Moreover, these governments can take many effective supply management measures that also lie within their financial capacities. Indeed, if properly conceived, supply management policies could place a lesser strain upon the financial capacity of our economy as well as on all levels of government.

It may shock many to realize that state and local governments can assume an important role in macro-economic policy. They are in a key position for initiating a wide variety of policies aimed at reducing nonproductive income drains and increasing the real income of labor and capital. The seriousness and magnitude of real income drains vary among cities and states. Once these are identified, each city and state can devise its own multi-pronged attack against those drains.

A comprehensive program designed to reduce nonproductive real income drains will require far more than measures in public finance alone. For example, state and local governments can take measures for facilitating the entry of labor and business into existing markets, increasing freedom and flexibility In wage and price competition, and repealing minimum wage laws. The cost of crime can be cut by enacting more effective laws, establishing administrative practices and securing community involvement for crime prevention. Reducing delays in the criminal justice process, increasing certainty and uniformity in penalties for similar offenses, and discouraging the release of habitual criminals back into society may help cut the enormous costs of crime.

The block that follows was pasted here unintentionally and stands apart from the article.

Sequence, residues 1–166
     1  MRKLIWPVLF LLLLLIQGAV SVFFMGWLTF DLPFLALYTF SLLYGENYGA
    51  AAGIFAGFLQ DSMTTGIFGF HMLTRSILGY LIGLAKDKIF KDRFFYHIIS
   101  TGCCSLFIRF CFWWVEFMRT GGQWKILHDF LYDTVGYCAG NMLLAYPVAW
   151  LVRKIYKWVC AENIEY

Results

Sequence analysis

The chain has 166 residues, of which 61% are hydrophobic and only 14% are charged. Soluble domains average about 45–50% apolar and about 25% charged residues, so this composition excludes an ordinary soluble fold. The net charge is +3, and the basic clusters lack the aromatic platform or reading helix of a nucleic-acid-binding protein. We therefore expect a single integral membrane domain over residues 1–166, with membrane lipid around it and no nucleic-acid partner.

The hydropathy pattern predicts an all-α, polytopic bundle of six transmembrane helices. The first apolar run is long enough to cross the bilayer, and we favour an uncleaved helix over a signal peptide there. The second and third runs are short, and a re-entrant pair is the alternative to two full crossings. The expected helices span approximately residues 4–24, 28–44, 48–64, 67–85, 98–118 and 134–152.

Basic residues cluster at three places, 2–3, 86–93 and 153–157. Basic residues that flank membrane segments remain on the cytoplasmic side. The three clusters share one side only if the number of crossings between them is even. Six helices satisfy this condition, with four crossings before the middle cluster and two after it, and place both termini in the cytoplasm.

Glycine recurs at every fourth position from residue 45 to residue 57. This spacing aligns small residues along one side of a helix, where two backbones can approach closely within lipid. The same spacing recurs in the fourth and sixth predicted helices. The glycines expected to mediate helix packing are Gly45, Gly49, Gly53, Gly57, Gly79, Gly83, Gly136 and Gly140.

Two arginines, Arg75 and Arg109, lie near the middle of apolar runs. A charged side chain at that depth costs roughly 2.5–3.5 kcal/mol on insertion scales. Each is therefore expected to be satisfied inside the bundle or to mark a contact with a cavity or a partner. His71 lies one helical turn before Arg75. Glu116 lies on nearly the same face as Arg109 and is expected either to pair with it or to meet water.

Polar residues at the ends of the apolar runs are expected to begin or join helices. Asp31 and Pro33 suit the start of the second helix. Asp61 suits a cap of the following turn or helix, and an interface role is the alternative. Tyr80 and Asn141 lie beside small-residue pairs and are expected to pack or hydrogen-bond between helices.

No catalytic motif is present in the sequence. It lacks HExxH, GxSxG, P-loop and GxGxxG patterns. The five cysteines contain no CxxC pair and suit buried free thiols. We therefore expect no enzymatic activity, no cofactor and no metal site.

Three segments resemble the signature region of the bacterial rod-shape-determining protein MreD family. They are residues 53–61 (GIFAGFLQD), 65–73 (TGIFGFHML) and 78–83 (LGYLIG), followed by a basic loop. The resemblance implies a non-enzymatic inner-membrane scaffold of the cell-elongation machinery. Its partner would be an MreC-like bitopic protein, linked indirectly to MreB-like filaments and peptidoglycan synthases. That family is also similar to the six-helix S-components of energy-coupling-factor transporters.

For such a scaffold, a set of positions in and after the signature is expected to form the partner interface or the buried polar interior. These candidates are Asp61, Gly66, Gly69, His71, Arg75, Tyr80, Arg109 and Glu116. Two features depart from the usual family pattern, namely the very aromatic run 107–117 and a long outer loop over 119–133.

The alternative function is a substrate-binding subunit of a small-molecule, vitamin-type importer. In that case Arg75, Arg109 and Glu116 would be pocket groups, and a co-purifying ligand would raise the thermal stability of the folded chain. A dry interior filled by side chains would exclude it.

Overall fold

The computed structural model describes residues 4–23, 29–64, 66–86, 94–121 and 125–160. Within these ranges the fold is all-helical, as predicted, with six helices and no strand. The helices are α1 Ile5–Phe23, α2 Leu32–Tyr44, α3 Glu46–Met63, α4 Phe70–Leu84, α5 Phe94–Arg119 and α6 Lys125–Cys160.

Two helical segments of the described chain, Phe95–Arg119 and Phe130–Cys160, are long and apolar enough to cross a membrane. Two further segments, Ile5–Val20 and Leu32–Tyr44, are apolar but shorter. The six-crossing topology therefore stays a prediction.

A reduction in nonproductive real income drains requires that total expenditures be limited to minimize the taxation of the nonsurplus income of labor and capital, unless the productive benefits of certain expenditures exceed such taxes. This will necessitate a careful review of state and local budgets to reduce waste in capital and operating outlays. Public service and capital expenditures should be made only after careful study and with the support of a clear and strong majority of the electorate. Serious efforts must be made in improving administrative efficiency and eliminating waste.

Tax measures require that top priority be given to reforming the property tax to reduce or exempt the ad valorem tax on capital and to increase the tax on land values.[10] In addition, as many public services as possible, such as sewer and water services, should be financed by service charges rather than taxes.[11]